When one follows the developments around the VM, research into it seems to be like a stream, where new ideas and theories appear somewhere upstream in the distance to come closer, and let themselves be examined more fully while they drift by you, before they follow the water downstream and finally vanish in the dusk of forgetableness. Rarely one of them will leave so much as a beacon behind.
One repeated pattern that seems to crop up time after time, and goes mostly unnoticed by even the old-time and seasoned Voynicheros, is the more or less explicit assumption that one VM letter is the equivalent to one plaintext letter, and that one VM word corresponds to one plaintext word.
Now, I can see where this would come from: Of course it’s natural to assume, it’s the most simple and straightforward way to do it (Which, in itself ought to be a warning sign: If the VM was enciphered “simply and straightforward”, it would have been solved long ago…), it’s the way ciphers were done in period, and it lends itself readily to easy analysis.
Unfortunately, in all probability this is not the way the VM was cooked up. Let’s look at a few of the arguments against this case:
- The main body of the VM consists of a rather limited character set. Depending on your choice of transcription, you’ll arrive at somewhat around 17 different characters, which make up the better part of the VM. Admittedly, there is a large number of “minor” characters, but these are fairly rare. Now, assuming that the VM has a European medieval background, the character sets which are conceivable for the plaintext are latin, greek, cyrillic and perhaps arab or hebrew letters. But unfortunately all of these writing systems sport more than 20 different characters, plus possibly numerals, interpunction and other special characters. The VM character set simply appears to be too small to accomodate a complete alphabet.
- Words show a very strong internal structure. VM words are far from random, au contraire: While nobody has as yet been able to completely determine which rules are underlying their composition, it’s pretty obvious that there are rules which are followed fairly coherently. To my knowledge, there are no European languages and only very few at all in the world which have such a determined set of rules for word composition, whether they are being written in their original alphabet or in that of the VM. What is worse: If in addition to switching to a new alphabet the author has employed an enciphering system (which he obviously has, because if the VM was a simple substitution cipher, we would have solved it), this would contribute to reducing the word structure and make it appear more random. (The only schemes which might increase the word regularity would be something like a transposition cipher with alphabetical sorting, which is conceivable, but wouldn’t exactly render the task of deciphering easier even for the intended audience.)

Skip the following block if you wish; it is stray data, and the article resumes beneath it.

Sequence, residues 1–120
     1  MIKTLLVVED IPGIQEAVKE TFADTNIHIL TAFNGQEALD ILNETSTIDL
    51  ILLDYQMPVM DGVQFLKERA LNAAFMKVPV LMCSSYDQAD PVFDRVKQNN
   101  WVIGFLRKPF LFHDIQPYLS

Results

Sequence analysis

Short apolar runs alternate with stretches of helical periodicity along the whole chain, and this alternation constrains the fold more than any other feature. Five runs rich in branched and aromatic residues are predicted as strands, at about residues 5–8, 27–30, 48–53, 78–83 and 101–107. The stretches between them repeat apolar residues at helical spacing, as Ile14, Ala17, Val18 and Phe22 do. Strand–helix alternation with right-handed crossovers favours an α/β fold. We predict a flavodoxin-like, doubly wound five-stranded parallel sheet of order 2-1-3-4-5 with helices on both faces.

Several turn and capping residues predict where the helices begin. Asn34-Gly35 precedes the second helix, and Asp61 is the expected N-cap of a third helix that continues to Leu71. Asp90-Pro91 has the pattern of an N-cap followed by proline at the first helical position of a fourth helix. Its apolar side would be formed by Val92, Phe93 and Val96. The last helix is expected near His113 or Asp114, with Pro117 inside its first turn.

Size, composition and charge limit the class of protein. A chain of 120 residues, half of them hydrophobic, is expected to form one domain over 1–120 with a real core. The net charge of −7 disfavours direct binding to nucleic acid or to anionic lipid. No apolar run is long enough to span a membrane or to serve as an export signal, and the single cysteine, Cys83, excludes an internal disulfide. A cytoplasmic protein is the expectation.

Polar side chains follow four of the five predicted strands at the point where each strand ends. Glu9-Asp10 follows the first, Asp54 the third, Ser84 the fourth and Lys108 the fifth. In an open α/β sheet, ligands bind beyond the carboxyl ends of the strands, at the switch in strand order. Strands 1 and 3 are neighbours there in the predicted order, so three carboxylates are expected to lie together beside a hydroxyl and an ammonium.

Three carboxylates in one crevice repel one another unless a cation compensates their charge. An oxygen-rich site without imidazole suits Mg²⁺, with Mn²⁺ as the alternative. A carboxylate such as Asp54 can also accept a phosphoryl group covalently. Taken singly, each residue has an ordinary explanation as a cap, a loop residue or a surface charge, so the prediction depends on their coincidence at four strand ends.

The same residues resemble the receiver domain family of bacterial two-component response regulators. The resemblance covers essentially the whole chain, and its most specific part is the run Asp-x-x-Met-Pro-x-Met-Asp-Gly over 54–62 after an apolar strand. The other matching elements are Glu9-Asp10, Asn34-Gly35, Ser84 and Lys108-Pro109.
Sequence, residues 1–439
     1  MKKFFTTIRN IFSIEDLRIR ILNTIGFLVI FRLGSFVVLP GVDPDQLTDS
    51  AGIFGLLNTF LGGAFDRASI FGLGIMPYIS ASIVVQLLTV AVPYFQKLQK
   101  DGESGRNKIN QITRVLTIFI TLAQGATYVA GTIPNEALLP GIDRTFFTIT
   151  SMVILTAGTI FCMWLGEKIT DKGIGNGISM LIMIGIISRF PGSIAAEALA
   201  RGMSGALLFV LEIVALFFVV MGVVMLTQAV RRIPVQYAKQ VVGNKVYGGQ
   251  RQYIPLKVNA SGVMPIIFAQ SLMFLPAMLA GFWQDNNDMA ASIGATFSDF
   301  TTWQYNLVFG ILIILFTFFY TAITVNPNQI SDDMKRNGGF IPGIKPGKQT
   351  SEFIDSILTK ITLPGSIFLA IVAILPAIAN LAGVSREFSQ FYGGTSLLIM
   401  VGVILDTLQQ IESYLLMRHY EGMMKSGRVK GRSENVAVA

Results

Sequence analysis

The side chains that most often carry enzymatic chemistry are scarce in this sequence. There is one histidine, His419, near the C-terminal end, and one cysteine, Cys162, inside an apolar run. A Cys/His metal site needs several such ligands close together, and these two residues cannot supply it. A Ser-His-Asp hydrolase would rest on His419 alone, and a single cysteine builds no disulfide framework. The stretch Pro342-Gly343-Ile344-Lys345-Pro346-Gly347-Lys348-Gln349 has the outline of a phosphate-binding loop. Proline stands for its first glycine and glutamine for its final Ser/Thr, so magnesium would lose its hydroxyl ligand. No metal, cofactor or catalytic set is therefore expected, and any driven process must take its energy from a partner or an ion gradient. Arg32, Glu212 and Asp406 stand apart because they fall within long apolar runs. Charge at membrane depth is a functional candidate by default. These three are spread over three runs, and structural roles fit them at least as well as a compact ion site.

- One could argue that the VM author dropped eg the vowels from the plaintext before enciphering, hence reducing the number of different VM characters required. But this in turn would have reduced the word regularity. Bear in mind that the EVA transcription allows the better part of the VM to be read out aloud, which shows that there is in the VM ciphertext a structure retained which assigns to the VM letters functions comparable (but probably not identical) to “consonants” and “vowels”.
- All of the above work together to render an information content in the VM of roughly 2 characters/ciphertext word; obviously far too little for any natural languages.
- No words in the VM have been identified which seem to have the function of particles in natural languages, like articles, “and”, “or” and similar.
- On a more subtle level, there also appear to be things going on with decreasing average word length towards the end of a line, which don’t sit well with a 1:1 correspondence.
So, all in all this is why I’m convinced that the VM is something different than a simple substition or even a transposition cipher. Something else is going on, and the enciphered information is categorized in letters and grouped in words, but these ciphertext letters are not plaintext letters, and the ciphertext words are not plaintext words.